Essentially all food-safe glass and ceramic dishes are microwave safe these days - it's possible to make non-microwave-safe things, but there's not a lot of market for non-microwaveable dishes. Paper is too, but it's generally disposable. If you've decided that you don't like glass, you can still use whatever ceramic you want. It won't be any safer than glass, but it won't be less safe either. You do still want to look for some kind of microwave- or at least heat-safe label, though, and test it without food first if it doesn't have the microwave-safe label.
From the FDA:
Glass, paper, ceramic, or plastic containers are used in microwave cooking because microwaves pass through these materials. Although such containers cannot be heated by microwaves, they can become hot from the heat of the food cooking inside. Some plastic containers should not be used in a microwave oven because they can be melted by the heat of the food inside.
Note that this addresses your concern about dishes heating up: some of that is normal. However, dishes that truly heat up in the microwave aren't a good idea. The best way to check is by heating them without food on them, but with a cup of water in the microwave to absorb energy so the microwave isn't totally empty. That will let you see how much, if any, the dish is heating up compared to the water that actually should be heated. If you want the really paranoid version, here's a test from a ceramics store:
To test microwave safety, take a piece (such as a mug or bowl) and immerse in a pan of water. Bring the water to a boil, then simmer for a few hours. This will allow the piece to absorb water. Then put the piece in the microwave. (The piece should be empty, and you should also put a separate mug of water in the microwave to protect the microwave.) Heat the microwave on high in 10 second increments. After each 10 seconds, carefully touch the piece to see if it is hot. If it has absorbed water, it will heat up. This tells you the piece is not dishwasher safe. You can stop the test when the water in the second mug is boiling.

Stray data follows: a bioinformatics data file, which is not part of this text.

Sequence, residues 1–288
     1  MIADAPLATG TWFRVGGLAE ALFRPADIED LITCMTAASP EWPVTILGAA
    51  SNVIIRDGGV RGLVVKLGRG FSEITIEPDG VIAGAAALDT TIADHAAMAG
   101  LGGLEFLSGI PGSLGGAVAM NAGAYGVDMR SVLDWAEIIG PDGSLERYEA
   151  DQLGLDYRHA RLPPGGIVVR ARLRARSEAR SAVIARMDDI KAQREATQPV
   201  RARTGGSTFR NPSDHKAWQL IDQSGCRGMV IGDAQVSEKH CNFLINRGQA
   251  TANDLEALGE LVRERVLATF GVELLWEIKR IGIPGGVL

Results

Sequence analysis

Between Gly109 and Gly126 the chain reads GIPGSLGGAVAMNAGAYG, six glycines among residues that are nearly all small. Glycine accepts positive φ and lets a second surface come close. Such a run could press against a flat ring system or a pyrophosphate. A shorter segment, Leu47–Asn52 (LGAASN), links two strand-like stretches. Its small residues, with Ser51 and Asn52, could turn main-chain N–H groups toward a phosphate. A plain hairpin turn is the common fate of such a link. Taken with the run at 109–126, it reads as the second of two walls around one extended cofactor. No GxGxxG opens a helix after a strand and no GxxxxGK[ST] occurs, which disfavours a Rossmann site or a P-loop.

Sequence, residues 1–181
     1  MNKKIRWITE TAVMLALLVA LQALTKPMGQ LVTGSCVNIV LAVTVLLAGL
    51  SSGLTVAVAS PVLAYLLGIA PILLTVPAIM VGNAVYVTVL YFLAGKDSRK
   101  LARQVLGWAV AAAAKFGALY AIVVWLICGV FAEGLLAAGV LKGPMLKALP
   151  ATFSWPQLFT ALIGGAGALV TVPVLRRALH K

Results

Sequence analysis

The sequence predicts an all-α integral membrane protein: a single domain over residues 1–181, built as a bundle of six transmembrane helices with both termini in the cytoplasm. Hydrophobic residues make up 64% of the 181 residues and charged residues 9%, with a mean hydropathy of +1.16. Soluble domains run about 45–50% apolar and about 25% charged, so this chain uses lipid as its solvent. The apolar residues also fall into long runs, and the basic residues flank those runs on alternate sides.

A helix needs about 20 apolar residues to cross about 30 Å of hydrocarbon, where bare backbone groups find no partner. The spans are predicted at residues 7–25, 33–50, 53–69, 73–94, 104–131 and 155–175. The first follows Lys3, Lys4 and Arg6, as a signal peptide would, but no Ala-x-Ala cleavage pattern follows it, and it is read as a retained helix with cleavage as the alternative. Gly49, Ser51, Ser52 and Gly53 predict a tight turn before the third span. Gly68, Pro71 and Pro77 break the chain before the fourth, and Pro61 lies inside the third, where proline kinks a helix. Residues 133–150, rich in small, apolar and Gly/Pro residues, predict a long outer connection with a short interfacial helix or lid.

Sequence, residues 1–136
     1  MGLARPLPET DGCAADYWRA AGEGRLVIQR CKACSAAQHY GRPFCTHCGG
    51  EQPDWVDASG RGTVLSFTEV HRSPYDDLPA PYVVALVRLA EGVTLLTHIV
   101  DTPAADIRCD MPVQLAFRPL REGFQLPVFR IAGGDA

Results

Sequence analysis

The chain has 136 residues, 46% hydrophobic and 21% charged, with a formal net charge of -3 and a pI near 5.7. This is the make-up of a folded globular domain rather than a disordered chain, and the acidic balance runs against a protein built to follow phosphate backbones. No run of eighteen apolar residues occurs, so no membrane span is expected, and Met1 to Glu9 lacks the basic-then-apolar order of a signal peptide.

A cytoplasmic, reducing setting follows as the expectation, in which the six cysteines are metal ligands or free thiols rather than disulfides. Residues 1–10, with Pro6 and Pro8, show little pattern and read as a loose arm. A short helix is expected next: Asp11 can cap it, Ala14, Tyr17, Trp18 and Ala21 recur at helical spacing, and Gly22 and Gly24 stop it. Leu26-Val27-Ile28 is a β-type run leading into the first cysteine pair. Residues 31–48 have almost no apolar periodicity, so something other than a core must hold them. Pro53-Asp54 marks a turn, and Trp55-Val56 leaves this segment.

There are a few other things you might want to watch out for when purchasing:
Metal - sometimes you'll see glass or ceramic with metal details, like a gold or silver rim. That's no good in a microwave.
Glazes - some glazes used on ceramic aren't food-safe, so make sure you get something labeled for use with food, not something purely decorative. Some glazes also aren't dishwasher-safe. In the US, non-food-safe ceramic glazes are required to have a label ("not for food use" or some such), but that may not be true where you are.
Thermal differences - some materials won't hold up well to uneven heating in the microwave caused by hot food in contact with some parts, but not others. Make sure to get things labeled as heat-safe: the ideal case microwave-safe, oven-safe, and dishwasher-safe dishes, but any one of those indicates some amount of heat safety.
Finally, for anything breakable, watch out for super-heated water - heating pure water in a clean container can take it past the boiling point, and it'll then violently boil when disturbed. If you add something to water first, the risk is drastically reduced. It's a dangerous surprise with any type of material, but with breakable containers there's the added risk of breaking the dish.